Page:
Learning is a lifelong pursuit for many residents at Seabrook, an Erickson Senior Living community in Tinton Falls, N.J.--and they're not alone. According to AARP, 55% of Americans 45 and older are currently engaged in lifelong learning programs.
Seabrook Active Learners, fondly referred to as SAL, was started three years ago by Harvey Schmelter-Davis, who led the effort to create a collection of mini-courses taught by and offered to the community's residents.
Harvey, a lifelong educator, was inspired by Leonardo Cruoglio, a fellow resident who offered dozens of courses at Seabrook on his own for ten years. His goal was to develop a program similar to the renowned Lifelong Peer Learning Program at City University of New York, which draws on the knowledge and talent of the community.
A love of learning
"If you love to teach or learn, age doesn't matter," says Harvey, who teaches and enrolls in SAL courses. "I strongly believe that providing a learning program will enrich the lives of people at any age."
Today, about 300 Seabrook residents enroll in courses that are divided into spring and fall terms. Courses cover topics such as Shakespeare, travel, poetry, art, history, languages, religion, and more. In addition to offering courses on site, SAL is teaming up with Wind Crest, an Erickson Senior Living community in Highlands Ranch, Colo., to offer additional virtual courses with joint enrollment from both communities.
Kris Colabella, LCSW, manager of resident life at Seabrook, appreciates the goal of the program. "People can always learn and grow. SAL keeps residents active and vibrant," she says. "Residents are able to learn from each other and explore new interests that they might not have had the chance to do in the past."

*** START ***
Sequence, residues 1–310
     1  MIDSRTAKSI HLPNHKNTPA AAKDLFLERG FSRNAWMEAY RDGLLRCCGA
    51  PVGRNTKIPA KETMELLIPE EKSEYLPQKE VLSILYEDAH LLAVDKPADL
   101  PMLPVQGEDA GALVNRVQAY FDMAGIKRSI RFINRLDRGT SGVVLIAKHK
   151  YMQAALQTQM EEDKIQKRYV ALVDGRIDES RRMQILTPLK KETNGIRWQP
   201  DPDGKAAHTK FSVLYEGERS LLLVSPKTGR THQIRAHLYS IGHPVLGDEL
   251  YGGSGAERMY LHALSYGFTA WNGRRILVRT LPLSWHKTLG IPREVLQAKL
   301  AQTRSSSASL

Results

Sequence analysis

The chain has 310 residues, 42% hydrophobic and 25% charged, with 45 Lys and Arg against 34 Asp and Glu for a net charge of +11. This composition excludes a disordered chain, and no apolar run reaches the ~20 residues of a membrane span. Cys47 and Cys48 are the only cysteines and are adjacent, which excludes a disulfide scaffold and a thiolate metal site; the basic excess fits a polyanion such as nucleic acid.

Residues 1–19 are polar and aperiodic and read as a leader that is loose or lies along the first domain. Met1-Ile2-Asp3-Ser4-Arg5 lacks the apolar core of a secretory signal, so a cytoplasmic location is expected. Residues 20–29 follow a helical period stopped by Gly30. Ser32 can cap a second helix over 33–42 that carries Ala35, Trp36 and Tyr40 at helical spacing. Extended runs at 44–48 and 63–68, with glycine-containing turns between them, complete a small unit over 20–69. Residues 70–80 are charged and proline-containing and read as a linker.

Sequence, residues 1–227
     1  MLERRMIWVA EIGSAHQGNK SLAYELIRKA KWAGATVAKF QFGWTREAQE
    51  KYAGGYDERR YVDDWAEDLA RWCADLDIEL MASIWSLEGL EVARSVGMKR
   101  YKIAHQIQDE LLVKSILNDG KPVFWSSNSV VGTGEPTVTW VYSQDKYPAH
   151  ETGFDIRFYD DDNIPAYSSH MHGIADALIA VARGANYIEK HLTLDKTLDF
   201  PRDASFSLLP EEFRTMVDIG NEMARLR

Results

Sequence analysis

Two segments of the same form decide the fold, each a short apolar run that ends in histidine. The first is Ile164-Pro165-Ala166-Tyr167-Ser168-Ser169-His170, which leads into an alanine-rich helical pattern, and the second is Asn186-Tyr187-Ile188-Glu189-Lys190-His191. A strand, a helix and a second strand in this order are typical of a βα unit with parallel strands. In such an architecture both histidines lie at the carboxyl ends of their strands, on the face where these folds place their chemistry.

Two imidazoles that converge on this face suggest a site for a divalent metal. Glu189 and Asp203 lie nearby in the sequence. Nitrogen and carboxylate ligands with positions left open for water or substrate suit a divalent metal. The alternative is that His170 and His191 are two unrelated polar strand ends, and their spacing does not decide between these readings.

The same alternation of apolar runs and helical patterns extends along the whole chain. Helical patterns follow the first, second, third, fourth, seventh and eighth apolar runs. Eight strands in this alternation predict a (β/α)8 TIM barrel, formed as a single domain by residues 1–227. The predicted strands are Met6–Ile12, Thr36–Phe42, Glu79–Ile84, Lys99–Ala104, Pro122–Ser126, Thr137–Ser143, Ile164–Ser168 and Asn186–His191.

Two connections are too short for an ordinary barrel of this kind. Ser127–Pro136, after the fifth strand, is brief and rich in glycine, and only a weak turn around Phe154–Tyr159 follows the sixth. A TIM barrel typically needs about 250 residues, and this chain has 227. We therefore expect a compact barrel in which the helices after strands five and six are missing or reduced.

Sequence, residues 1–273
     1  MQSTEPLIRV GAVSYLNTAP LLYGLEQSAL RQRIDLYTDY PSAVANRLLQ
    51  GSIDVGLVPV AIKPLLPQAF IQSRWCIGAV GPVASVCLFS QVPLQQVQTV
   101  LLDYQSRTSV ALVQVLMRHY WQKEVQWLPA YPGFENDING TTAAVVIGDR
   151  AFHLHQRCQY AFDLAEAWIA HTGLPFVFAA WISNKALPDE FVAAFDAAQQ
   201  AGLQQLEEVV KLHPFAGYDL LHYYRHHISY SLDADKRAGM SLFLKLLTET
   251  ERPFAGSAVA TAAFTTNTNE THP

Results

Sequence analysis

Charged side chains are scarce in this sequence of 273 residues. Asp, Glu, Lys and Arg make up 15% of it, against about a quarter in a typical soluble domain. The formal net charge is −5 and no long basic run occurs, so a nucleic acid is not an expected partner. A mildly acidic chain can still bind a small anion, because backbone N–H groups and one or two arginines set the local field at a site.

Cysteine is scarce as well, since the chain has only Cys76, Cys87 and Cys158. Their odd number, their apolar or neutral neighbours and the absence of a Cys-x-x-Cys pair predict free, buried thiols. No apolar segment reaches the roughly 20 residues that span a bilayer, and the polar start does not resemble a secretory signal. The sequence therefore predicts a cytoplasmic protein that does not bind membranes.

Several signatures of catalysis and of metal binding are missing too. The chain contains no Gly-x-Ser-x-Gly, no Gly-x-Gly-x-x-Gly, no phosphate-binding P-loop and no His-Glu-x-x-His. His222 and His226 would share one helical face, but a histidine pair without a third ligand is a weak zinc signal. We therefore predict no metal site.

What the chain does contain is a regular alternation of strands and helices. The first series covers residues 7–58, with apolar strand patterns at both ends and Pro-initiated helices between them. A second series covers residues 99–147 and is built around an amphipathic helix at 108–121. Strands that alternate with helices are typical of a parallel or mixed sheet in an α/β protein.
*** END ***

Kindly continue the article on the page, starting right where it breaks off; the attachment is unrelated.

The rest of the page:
Resident Richard Barrett, a retired chemist and former college professor, is enjoying his return to the classroom through SAL.
"Part of the joy of teaching is learning, and I think I brought that impetus with me to Seabrook," he says. "I've always tried to continue learning. Being both a student and a facilitator in the program has been an enriching experience for me."
The diverse backgrounds and experiences of the community's residents ensure that the SAL offers a wide variety of courses, benefitting both students and instructors.
Before retirement, Gerard and Marlena Seybold owned a restaurant that sold high-end red vintages from California, France, and Italy. As a result, they learned a lot about the types and flavor profiles of wine.
"We had a lot of wonderful wine," Gerard says, who is now sharing their knowledge and expertise with neighbors through wine tastings. "We decided it would be a fun thing to do."
In the early 2000s in Princeton, N.J., Flora Davis started a group called Reminiscing on Paper.
"I got so much out of it that when my husband and I moved to Seabrook in 2006, I started a Reminiscing on Paper group here," she says of her hobby-based mini course. "I have people writing short stories, poetry, and plays. People bring in what they've written and read it aloud to the group. Over the years, I have met some absolutely fascinating people and I've heard amazing stories."
Some residents enroll in courses to improve skills or enhance their knowledge of an activity that's already of interest. Others take up something completely new.
"I've taken Italian language I and II. I'm very happy to have improved my ability to speak a foreign language," says resident Sal Busacca. "I've always wanted to do that. All of these courses help us expand our intelligence and educate ourselves--it's a very satisfying thing to do."
In addition, SAL provides a way for residents to meet others who share similar interests.
"It's always a pleasure to meet new neighbors here at Seabrook because there are so many interesting people," says resident Ann Oppenlander. "We've all lived lives that are long enough to have been filled with lots of different experiences. So, meeting new people in the courses is a lot of fun!"
Many retirees are drawn to Erickson Senior Living communities because of the vibrant, active lifestyle that residents maintain, Colabella notes.
"And that includes a focus on health and well-being," says Colabella. "That lifestyle is being lived out here, every day, by residents who are engaging their minds and learning something new."